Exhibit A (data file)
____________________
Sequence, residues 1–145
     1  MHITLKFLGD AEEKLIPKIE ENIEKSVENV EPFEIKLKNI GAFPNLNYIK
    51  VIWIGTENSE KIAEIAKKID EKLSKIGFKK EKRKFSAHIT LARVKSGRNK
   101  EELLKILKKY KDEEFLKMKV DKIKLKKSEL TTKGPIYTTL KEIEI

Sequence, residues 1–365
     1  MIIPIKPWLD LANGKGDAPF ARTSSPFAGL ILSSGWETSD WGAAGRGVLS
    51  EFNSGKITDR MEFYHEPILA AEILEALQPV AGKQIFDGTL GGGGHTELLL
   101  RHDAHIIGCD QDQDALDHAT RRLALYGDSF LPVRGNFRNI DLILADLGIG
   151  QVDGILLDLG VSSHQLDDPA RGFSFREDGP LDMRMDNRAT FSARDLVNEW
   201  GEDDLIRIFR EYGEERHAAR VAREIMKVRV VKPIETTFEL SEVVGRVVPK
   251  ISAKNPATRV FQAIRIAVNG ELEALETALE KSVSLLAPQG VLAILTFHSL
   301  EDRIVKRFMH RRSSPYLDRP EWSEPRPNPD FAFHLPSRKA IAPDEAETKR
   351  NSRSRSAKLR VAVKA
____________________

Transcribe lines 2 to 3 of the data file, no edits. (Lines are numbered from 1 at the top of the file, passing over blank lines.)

     1  MHITLKFLGD AEEKLIPKIE ENIEKSVENV EPFEIKLKNI GAFPNLNYIK
    51  VIWIGTENSE KIAEIAKKID EKLSKIGFKK EKRKFSAHIT LARVKSGRNK